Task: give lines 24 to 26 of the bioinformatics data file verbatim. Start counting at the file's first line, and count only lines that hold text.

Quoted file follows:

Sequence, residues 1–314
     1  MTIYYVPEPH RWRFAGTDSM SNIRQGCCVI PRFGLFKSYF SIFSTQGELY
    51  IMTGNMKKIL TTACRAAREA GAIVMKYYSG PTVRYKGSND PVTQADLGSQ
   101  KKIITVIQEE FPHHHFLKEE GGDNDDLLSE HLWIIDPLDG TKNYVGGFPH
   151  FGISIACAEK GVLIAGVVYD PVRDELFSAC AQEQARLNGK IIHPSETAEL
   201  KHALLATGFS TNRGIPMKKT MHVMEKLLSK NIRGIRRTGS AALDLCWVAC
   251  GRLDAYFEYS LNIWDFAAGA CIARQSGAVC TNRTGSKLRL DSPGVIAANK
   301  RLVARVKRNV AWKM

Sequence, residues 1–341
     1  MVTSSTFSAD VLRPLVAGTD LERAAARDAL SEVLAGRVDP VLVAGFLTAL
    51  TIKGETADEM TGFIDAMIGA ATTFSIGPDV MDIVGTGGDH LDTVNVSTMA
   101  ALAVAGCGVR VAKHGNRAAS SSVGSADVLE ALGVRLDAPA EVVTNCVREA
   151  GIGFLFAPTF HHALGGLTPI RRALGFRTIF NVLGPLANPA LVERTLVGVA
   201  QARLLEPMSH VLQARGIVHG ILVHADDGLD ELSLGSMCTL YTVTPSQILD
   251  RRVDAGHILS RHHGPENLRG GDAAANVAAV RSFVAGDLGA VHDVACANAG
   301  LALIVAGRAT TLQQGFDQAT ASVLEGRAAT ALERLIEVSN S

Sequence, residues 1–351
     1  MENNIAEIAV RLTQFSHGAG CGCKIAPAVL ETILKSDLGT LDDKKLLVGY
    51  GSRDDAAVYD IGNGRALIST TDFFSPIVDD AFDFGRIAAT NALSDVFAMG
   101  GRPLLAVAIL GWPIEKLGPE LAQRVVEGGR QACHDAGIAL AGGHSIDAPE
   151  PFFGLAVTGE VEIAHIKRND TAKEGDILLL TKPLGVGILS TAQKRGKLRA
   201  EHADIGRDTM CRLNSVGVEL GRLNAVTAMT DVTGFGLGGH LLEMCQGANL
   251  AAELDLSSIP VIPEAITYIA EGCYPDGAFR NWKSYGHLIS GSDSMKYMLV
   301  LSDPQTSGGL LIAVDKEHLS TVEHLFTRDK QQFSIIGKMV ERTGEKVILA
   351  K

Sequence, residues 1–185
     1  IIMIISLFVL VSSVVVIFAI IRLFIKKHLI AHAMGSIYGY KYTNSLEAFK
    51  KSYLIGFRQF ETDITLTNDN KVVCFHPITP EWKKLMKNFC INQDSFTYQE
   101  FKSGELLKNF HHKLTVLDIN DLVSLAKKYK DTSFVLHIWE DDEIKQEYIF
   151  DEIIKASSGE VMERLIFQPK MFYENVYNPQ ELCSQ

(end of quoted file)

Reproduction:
   301  LSDPQTSGGL LIAVDKEHLS TVEHLFTRDK QQFSIIGKMV ERTGEKVILA
   351  K

Sequence, residues 1–185